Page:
Astronomy Picture of the Day
July 30, 2014

Features of the South Polar Regions of Enceladus (Part I)
Features of the South Polar Regions of Enceladus (Part I)

Credits: NASA/JPL/Arizona State University (ASU) - Credits for the additional process. and color.: Dr Paolo C. Fienga/Lunar Explorer Italia/IPF

This dramatic view (which was obtained with the NASA - Cassini Spacecraft's Narrow-Angle Camera, through its Clear Filter, on August 13, 2010, with an image scale of about 230 feet - such as approx. 70,104 meters - per pixel and at a Sun-Enceladus-Cassini Spacecraft, or Phase, Angle of about 151°), looks across the South Polar Region of Enceladus' Geyser Basin and then down to the ends of the Baghdad and Damascus Sulci (---> Fractures) that face the Gas-Giant Planet Saturn. The image, which looks approximately in the direction of Saturn, was taken from a more elevated viewpoint than many other NASA - Cassini Spacecraft's Survey Images of this specific area of the moon's South Pole.


The Geysering Segments of the Fractures seen here are among the most active and warmest of the whole Region. As seen from the NASA - Cassini Spacecraft from an Elevation Angle of 25° South, the Jets are projected against the bright Surface of Enceladus, as opposed to the black sky over it. Consequently, and despite the very pronounced Geyser Activity, the Jets appear fuzzy, or indistinct, and their tilts are not - in fact - measurable.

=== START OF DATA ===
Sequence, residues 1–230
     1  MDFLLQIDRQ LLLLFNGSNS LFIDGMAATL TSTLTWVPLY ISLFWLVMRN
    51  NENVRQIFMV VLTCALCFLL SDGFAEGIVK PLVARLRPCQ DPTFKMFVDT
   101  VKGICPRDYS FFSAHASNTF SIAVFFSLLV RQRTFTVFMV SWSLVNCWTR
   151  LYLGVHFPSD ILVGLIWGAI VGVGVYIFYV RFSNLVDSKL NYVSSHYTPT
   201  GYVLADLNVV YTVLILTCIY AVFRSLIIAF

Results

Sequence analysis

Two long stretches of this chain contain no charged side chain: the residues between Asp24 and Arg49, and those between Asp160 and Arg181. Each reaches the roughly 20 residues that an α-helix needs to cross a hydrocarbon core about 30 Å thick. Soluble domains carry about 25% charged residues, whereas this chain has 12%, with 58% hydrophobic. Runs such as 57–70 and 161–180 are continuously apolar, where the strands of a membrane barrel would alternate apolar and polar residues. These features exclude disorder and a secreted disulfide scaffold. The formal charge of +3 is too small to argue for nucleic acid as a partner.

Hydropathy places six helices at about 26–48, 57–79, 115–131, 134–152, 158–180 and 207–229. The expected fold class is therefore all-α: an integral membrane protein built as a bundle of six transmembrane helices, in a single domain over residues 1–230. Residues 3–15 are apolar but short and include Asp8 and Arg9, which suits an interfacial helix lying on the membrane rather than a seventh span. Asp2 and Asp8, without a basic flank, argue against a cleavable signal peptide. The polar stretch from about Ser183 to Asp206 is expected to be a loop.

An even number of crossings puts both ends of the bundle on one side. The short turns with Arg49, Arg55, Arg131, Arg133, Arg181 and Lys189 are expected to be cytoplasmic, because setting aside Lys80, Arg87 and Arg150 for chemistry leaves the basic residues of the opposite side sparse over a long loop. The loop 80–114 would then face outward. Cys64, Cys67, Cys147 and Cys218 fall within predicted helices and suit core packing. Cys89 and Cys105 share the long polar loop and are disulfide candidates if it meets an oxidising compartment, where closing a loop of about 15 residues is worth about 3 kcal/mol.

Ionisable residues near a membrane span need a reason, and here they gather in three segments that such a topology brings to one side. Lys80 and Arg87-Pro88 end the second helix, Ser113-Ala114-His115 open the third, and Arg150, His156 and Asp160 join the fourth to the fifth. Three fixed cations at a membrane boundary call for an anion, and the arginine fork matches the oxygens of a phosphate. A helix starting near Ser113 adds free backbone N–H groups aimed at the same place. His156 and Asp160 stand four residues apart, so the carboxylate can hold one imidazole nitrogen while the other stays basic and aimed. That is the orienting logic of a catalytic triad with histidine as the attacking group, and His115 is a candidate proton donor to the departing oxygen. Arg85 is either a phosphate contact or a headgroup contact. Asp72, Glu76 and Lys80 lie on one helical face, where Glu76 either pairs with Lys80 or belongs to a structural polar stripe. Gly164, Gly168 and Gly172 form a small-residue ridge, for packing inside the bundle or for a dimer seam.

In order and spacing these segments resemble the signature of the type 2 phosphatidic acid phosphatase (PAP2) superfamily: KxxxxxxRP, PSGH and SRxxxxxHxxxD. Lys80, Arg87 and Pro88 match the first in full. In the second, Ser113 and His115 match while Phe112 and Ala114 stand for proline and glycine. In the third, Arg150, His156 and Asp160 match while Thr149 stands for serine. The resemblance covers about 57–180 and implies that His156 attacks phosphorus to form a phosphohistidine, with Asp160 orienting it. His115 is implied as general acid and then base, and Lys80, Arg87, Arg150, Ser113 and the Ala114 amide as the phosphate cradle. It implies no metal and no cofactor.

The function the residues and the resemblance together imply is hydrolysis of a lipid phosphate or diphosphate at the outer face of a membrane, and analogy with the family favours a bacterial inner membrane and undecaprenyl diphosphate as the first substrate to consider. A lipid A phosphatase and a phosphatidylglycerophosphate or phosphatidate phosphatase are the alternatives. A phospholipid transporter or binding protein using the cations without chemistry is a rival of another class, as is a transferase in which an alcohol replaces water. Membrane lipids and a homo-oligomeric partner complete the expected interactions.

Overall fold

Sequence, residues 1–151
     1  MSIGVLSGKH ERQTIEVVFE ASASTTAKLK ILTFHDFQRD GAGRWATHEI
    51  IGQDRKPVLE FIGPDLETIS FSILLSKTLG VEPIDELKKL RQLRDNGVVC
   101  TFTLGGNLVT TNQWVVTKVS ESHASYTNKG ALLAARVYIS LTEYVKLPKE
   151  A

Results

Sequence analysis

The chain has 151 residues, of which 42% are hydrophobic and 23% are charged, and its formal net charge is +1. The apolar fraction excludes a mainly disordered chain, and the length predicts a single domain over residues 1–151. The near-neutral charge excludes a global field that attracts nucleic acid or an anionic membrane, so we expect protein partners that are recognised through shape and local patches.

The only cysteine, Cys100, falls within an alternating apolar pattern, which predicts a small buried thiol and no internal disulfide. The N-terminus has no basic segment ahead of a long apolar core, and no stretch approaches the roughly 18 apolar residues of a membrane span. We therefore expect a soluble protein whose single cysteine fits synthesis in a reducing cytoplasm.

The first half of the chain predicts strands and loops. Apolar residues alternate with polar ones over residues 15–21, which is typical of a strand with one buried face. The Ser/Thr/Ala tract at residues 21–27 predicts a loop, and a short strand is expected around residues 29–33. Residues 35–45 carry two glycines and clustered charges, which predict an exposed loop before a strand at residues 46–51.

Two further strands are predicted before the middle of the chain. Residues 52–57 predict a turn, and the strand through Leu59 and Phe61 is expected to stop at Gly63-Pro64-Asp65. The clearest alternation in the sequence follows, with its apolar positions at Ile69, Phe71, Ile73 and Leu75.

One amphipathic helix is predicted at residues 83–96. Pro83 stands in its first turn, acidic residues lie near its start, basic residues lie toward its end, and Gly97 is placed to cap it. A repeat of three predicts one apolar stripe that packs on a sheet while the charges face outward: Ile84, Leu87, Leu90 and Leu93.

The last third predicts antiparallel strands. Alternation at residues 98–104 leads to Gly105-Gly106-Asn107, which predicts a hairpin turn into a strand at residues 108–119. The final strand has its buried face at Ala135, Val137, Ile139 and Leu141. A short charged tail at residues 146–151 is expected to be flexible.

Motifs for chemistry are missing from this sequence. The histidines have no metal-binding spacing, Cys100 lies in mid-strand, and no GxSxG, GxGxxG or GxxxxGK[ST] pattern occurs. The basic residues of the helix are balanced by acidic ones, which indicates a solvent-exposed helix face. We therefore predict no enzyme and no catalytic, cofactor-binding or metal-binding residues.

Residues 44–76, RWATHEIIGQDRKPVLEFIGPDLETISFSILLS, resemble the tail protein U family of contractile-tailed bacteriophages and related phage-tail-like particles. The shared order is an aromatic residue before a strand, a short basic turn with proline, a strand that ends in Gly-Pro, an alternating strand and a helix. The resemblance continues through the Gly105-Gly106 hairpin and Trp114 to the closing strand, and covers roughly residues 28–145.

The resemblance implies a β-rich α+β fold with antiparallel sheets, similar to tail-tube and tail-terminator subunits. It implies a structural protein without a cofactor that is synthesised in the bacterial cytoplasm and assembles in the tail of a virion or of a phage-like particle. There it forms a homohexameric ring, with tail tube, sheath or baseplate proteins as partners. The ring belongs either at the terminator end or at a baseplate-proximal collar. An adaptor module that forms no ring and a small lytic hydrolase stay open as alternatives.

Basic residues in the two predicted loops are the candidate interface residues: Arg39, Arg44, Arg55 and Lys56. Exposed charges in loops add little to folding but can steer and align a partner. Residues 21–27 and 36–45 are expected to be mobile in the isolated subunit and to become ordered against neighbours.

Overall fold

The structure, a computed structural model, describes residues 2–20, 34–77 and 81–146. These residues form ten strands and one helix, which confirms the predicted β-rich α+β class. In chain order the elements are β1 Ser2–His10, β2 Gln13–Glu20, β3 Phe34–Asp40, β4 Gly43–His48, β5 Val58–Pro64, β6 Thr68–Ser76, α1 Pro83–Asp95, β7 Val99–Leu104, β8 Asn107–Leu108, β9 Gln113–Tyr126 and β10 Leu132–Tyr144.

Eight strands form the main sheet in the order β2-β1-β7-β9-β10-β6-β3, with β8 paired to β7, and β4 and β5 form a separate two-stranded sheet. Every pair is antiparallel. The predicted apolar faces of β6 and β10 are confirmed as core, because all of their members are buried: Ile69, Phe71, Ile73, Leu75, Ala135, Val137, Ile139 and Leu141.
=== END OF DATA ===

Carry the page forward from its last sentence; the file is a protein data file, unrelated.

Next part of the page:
Even though the Source Locations of the Jets are clearly visible here, this image was not used in the so-called "Process of Triangulation" but, instead, it was used to confirm the (Main) Source Locations of the Geysers themselves as they were determined from the Triangulations made by using other images (see, if yoy wish, an interesting abstract made by Drr Porco, DiNino, and Nimmo, which was published - in its online version - on the Astronomical Journal of July 2014 (see http://dx.doi.org/10.1088/0004-6256/148/3/45).


This frame (which is an Original NASA - CASSINI Spacecraft's b/w and NON Map-Projected image published on the NASA - Planetary Photojournal with the ID n. PIA 17183) has been additionally processed, contrast enhanced, magnified to aid the visibility of the details, Gamma corrected and then colorized - according to an educated guess (or, if you wish, an informed speculation) carried out by Dr Paolo C. Fienga - in Absolute Natural Colors (such as the colors that a human eye would actually perceive if someone were onboard the NASA - Cassini Spacecraft and then looked outside, towards the Saturnian moon "Enceladus"), by using an original technique created - and, in time, dramatically improved - by the Lunar Explorer Italia Team. Different colors, as well as different shades of the same color, mean, among other things, the existence of different Elements (Minerals) present on the Surface of Enceladus, each having a different Albedo (---> Reflectivity) and Chemical Composition.


Note: it is possible (but we, as IPF, have no way to be one-hundred-percent sure of such a circumstance), that the actual luminosity of the South Polar Regions of Enceladus - as it is in this frame - would appear, to an average human eye, a little bit lower than it has been shown (or, better yet: interpreted) here.



News visualized: 367 times


©2011-2014 - Powered by Lunexit.it - All rights reserved